Presentation #408.01 in the session Exoplanet Direct Imaging — iPoster Session.
Detecting exoplanets through direct imaging at lower angular separations, where more planets are expected to be, is limited by the variability of the stellar point spread function. Integral field spectrographs like OSIRIS at the Keck Observatory can leverage high spectral resolution to search for new planets at smaller separations (<0.3”) by detecting their distinct spectral signature compared to the diffracted starlight. We present an open-source data analysis pipeline called the Broad Repository for Exoplanet Analysis, Detection, and Spectroscopy (breads), which can use high spectral resolution data from existing and in-development instruments.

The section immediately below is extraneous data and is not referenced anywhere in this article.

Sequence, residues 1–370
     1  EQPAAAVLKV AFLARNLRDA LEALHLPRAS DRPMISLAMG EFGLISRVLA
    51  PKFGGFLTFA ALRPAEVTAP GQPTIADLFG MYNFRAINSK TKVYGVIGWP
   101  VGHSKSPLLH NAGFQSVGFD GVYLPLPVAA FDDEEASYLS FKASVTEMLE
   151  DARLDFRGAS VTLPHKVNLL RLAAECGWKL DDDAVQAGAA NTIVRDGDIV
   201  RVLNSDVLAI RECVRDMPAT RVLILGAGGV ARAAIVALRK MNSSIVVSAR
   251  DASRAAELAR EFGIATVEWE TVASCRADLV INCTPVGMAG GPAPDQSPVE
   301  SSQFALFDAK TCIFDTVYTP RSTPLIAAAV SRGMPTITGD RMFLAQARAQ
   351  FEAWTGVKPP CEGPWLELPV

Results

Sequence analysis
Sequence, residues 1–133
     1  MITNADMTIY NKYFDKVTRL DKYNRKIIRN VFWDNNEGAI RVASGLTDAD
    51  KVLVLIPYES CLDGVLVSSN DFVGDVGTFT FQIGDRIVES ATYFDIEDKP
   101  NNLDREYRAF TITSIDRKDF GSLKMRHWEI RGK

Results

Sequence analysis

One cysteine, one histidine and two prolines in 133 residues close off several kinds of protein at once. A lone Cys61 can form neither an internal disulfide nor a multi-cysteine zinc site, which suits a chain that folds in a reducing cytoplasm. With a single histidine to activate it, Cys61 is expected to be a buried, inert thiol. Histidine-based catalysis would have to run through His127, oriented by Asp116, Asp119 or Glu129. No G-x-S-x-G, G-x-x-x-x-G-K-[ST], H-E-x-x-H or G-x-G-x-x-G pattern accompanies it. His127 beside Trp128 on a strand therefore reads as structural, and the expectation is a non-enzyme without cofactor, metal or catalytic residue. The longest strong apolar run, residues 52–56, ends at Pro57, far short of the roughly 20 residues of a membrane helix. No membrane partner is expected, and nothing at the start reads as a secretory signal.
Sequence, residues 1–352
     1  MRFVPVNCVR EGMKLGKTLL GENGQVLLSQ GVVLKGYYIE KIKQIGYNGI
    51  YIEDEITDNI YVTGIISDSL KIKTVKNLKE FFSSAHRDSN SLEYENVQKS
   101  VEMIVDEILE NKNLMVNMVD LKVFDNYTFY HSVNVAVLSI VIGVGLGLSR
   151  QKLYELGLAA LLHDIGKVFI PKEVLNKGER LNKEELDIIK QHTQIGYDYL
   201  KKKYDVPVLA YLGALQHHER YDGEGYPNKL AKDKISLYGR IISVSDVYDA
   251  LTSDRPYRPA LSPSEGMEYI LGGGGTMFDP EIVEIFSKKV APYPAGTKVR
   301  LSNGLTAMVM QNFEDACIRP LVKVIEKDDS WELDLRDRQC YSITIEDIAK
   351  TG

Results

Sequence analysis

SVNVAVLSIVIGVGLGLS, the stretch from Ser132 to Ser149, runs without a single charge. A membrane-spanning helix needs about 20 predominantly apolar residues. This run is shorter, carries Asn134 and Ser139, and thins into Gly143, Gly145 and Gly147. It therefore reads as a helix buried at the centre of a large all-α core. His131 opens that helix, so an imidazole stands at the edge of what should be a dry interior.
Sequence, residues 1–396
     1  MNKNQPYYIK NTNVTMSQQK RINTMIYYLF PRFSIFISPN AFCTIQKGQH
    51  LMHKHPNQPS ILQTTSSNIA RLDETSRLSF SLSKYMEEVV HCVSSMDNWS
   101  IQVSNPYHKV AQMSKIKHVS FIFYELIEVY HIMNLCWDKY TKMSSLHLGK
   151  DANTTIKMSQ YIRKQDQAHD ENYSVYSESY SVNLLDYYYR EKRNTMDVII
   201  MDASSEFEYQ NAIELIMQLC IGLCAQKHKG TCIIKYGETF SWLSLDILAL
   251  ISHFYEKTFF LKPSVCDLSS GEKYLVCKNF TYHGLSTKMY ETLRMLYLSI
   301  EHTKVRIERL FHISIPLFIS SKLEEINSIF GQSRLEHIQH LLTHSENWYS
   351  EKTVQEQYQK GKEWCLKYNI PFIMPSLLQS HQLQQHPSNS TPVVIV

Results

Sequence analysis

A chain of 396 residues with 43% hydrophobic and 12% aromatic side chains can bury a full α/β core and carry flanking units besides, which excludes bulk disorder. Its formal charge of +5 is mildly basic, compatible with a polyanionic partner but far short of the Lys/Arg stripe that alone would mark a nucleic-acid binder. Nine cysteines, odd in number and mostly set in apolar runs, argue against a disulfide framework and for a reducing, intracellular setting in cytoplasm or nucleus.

We used this code to search for planets around 10 targets in the Ophiuchus and Taurus star-forming regions and present our preliminary results here. We use this pathfinder survey with Keck/OSIRIS to demonstrate this technique and compare the final sensitivities to other classical imaging techniques. Our work will be applicable to future integral field spectrographs like NIRSpec on the James Webb Space Telescope and other first light instruments on the future Extremely Large Telescope, which are poised to become the next generation of exoplanet detection facilities.
Our code is based on a forward-modeling framework, which is statistically more accurate than classical cross-correlation techniques. breads includes a built-in optimization and analytical marginalization of linear parameters in the forward model, therefore limiting the number of parameters to be explored by the posterior sampling method. We allow users to select forward models, parameters to detect and analyze, and fitting methods like Markov Chain Monte Carlo sampling, grid optimization, and gradient descent. breads provides a flexible framework to retrieve radial velocity, spin, and atmospheric parameters of high-contrast companions.